The Order of Myths

Reviewer’s grade: B+

“The Order of Myths,” a compelling documentary that explores the tradition of Mardi Gras in Mobile, Ala., a town proud that its Carnival long predates the annual festival in New Orleans. Oh, one more thing about Mobile’s Mardi Gras: There are two of everything, from its ball and parade, to the coronation of a king and queen. For as long as anyone can remember, the city has boasted two celebrations “” one for whites, and one for blacks.

“The Order of Myths” screens Thursday through Sunday at the Oklahoma City Museum of Art. Brown will speak at the Thursday night showing. As a Mobile native with a personal connection to that city’s Mardi Gras, the 37-year-old filmmaker was uniquely suited to tell this story of modern-day segregation. Perhaps the most surprising aspect of “Order of Myths” is how measured it is, both in tone and temperament of the people it follows.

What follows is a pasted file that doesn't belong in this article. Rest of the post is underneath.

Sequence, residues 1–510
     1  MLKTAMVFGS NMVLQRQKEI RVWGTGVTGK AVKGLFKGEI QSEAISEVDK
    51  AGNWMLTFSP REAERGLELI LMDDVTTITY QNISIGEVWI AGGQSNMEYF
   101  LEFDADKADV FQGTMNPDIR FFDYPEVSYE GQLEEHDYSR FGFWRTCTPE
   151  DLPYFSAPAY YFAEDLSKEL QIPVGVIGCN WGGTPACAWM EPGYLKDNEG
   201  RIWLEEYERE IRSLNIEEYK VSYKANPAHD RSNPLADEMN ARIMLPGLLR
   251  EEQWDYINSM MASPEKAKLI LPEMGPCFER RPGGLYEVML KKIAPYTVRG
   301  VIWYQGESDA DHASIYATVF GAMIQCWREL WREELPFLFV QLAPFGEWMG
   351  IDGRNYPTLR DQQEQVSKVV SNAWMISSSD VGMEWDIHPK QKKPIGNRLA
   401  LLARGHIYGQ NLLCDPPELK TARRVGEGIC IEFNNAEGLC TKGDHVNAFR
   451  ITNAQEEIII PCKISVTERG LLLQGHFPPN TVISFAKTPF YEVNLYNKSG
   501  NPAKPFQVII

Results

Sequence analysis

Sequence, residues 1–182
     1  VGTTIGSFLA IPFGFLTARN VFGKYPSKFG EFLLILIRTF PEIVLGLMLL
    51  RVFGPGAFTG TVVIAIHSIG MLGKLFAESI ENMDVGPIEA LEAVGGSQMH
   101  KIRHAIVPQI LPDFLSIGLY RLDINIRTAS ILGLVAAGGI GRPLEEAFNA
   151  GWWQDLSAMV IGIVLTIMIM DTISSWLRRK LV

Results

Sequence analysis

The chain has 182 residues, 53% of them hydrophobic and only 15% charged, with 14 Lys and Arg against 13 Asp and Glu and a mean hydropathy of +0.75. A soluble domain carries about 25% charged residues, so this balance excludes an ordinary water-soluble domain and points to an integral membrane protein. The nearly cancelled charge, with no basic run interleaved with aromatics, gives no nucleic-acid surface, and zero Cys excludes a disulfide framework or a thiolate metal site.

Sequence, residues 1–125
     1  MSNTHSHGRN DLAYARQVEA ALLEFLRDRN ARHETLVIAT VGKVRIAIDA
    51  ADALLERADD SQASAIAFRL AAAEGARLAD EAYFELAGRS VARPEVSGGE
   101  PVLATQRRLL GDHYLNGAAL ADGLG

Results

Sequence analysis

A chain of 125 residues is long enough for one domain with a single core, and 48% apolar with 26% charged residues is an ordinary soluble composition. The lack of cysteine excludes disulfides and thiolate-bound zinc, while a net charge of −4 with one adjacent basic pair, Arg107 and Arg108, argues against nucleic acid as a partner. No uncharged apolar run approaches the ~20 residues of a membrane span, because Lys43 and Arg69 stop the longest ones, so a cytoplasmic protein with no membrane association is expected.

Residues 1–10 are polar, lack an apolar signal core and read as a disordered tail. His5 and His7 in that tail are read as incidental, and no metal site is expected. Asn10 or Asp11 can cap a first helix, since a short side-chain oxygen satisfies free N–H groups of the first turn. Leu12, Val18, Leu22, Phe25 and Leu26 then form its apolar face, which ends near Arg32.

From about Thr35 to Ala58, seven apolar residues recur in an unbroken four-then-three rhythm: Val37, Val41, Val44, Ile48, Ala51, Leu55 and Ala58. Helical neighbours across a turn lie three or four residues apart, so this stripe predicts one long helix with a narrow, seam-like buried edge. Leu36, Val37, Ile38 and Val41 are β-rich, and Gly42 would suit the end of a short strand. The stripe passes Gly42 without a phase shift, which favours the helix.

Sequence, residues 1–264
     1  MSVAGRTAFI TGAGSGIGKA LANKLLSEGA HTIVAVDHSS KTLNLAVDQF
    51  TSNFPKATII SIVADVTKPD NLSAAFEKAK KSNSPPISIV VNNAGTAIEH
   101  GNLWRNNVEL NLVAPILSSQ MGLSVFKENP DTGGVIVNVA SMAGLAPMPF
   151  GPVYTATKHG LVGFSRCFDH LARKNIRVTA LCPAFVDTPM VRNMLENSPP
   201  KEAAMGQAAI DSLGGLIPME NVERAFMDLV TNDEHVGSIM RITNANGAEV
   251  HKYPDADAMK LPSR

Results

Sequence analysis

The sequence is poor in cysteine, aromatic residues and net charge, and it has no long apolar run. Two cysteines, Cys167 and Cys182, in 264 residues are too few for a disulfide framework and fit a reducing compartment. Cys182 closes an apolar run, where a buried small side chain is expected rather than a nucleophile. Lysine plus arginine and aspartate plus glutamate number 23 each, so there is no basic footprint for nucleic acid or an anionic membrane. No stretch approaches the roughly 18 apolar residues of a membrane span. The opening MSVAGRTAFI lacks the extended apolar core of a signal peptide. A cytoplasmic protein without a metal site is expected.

The segregated rituals captured on-screen are outrageous, but no one appears too outraged. Affluent white Carnival organizers insist that the black residents prefer things this way. The tradition is so entrenched in Mobile, it doesn’t seem to inspire much in the community, black or white, beyond a few shrugs. NR

“”Phil Bacharach


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